If anyone is aware of other review, i would be glad to read them, thanks.

"Nine Doctrines of Darkness" is an amazing adventure and it has a capacity to set one's head spinning that few other adventures have. I would love to write down my player's deeds while they are trying to prevent the Evil to put its hands on the tome, i already put them on paper (but in my own language).


Rare and obscure fantasy rpgs galore

 The most misunderstood fantasy rpg game of the past, without a doubt. Love it.

 Behold the HOLY TRINITY. Perhaps the three most complex fantasy rpg in history.

 Try to find a copy of this on ebay...one of the rarest old-school fantasy rpg. Known only by a few.

 My pristine boxed set copy of Arduin trilogy...cherished much by me.

 The ineffable WPG. One of the most obscure and hard-to-find old-school fantasy rpg of all time, impossibly beautiful. I'm astonished people played OD&D in the past instead of this.
 The gigantic BM&G, by Bill Underwood. Like a commentator on Grognardia once wrote: "It has the best combat system of any fantasy RPG I've ever played"
 The only adventure ever published for "Beasts, men & gods".

 The incredible Bifrost, one of the deepest mystery in the OSR. One of my biggest treasures.
 Melanda, i wrote a couple of posts about this old game. Wish i had in my hands the first edition of this.
 I can't believe this old fantasy rpg published in 1987 is never mentioned anywhere. So old-schoolish. But i can understand that it is very rare, hence its absence from blogs.
 The greatest fantasy role-playing game ever created, period. And maybe the most complex as well.

 This was a very interesting alternative to AD&D back in the time. We should definitely devote more time perusing its rules and so forth.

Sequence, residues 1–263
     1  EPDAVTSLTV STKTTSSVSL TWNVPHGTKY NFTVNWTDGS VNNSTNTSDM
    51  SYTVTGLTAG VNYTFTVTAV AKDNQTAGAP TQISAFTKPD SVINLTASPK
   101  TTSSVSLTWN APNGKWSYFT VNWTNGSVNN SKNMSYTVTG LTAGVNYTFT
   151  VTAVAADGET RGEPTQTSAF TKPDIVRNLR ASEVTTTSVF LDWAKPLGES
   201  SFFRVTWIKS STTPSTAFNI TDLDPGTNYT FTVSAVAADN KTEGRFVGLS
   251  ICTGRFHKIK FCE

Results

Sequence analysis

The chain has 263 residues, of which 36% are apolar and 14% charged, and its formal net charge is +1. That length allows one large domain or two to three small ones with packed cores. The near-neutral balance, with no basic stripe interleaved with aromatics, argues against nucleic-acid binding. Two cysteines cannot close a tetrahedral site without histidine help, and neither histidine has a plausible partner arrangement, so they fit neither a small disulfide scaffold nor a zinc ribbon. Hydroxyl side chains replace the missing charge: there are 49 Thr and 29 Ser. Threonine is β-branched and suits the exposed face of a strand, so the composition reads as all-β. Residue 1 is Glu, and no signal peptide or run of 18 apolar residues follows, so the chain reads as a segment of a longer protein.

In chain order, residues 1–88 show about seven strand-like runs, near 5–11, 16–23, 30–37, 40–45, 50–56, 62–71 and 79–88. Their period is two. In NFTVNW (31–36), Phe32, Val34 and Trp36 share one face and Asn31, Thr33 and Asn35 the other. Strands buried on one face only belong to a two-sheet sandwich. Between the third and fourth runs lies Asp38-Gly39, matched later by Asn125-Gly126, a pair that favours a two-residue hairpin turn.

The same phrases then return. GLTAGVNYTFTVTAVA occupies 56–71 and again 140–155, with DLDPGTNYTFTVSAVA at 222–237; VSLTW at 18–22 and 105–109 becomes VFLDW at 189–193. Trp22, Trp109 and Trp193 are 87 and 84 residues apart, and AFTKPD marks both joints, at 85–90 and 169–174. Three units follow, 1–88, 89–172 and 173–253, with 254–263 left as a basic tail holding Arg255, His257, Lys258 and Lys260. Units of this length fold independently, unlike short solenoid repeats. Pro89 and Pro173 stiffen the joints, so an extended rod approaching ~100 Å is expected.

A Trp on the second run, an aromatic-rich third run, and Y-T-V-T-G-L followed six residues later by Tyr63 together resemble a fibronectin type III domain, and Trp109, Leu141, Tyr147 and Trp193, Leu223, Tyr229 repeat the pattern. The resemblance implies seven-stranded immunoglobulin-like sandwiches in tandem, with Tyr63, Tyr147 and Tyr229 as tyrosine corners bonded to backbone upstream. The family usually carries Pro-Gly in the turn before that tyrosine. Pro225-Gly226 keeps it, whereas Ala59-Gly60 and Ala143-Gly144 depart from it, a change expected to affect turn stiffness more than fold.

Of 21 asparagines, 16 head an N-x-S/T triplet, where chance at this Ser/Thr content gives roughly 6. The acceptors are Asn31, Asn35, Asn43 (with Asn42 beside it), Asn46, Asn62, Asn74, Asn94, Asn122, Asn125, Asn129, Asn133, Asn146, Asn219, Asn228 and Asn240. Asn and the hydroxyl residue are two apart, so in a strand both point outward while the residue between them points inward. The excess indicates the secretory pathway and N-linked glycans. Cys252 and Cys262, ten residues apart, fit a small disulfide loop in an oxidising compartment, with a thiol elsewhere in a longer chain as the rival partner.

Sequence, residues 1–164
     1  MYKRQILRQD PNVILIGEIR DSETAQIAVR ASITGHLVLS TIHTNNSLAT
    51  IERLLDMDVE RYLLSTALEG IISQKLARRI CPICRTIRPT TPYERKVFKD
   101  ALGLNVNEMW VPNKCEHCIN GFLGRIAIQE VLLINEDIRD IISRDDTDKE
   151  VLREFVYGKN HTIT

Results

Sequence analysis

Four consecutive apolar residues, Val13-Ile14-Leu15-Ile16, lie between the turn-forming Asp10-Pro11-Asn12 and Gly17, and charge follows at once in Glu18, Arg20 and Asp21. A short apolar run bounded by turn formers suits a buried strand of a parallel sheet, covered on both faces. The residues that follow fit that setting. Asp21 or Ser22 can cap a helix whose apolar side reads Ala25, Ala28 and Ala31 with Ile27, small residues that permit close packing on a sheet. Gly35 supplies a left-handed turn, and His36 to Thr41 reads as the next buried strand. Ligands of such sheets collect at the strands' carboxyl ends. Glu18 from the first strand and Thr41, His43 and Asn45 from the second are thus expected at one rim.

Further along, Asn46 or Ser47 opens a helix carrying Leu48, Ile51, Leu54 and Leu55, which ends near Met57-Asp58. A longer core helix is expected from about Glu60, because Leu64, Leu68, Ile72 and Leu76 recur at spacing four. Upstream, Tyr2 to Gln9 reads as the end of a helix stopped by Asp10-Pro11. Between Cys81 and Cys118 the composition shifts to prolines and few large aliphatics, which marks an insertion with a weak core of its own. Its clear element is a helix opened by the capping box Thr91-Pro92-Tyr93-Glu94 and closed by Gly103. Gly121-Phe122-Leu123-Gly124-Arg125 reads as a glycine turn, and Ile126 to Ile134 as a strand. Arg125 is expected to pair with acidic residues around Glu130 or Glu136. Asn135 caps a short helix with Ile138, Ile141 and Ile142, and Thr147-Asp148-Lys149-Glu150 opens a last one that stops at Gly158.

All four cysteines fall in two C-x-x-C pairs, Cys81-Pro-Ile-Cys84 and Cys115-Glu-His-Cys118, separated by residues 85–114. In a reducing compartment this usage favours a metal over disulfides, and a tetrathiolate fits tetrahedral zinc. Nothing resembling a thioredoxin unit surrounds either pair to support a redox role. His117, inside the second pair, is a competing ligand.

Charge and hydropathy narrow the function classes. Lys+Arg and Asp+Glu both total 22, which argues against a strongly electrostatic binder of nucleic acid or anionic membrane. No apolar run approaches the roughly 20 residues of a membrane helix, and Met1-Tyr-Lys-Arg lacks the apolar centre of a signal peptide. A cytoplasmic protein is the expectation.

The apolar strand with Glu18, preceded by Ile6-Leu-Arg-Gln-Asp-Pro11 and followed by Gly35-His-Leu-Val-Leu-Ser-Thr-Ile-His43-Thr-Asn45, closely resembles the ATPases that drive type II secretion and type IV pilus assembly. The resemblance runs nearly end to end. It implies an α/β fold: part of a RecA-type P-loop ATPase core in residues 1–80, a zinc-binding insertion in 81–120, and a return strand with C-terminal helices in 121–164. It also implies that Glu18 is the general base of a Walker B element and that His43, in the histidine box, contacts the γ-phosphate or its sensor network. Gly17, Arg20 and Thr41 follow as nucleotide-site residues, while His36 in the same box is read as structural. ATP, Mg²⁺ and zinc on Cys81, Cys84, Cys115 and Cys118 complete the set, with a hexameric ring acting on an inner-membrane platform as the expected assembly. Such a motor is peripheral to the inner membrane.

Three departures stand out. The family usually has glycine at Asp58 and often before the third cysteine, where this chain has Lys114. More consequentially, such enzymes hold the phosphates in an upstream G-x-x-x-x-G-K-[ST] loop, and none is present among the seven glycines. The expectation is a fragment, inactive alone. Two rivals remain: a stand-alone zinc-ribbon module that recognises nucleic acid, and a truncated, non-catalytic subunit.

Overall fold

Warlock...the greatest rival and antagonist of Original Dungeons & dragons...and far better than the latter.
 Warlock tower, the supplement to Warlock: new rules.

 The original Dragon wariors rpg in paperback...quite a good game, lots of ideas therein.
Another obscurity from Norway, a fantasy rpg published in 1987. I should definitely talk about this in the future.

Avalon Hill's Heroes magazine- complete run




A brief glimpse of magick in Chivalry & Sorcery

From from the 1st edition Sourcebook:

"The search for a 'new & improved' simulation of magick (sic) began
primarily as a result of an increasing dissatisfaction experienced
with the pioneering efforts of *D&D* and *Warlock*.  The problem with
these and similar "first generation" simulations was twofold:  magic
was too easy to do and too "unrealistic" (if such a term can be used
in the context of fantasy).  Magic is too easy when, for example,
magical research can be done merely through the expendature (sic) of a
few weeks and a few 1000 Gp.